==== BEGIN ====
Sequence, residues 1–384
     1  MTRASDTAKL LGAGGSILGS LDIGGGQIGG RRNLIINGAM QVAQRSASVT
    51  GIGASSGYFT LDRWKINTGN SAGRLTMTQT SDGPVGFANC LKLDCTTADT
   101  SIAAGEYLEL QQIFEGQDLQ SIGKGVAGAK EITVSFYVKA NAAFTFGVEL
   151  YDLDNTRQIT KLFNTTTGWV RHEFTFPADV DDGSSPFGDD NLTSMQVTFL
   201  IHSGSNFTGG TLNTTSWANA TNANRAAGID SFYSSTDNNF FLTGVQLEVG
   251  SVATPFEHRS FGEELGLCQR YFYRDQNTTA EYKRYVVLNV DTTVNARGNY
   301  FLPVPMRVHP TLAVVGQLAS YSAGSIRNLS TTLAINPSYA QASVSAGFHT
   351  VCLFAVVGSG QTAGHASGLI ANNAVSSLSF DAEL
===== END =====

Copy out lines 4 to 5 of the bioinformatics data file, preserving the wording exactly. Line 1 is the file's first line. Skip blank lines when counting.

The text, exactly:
   101  SIAAGEYLEL QQIFEGQDLQ SIGKGVAGAK EITVSFYVKA NAAFTFGVEL
   151  YDLDNTRQIT KLFNTTTGWV RHEFTFPADV DDGSSPFGDD NLTSMQVTFL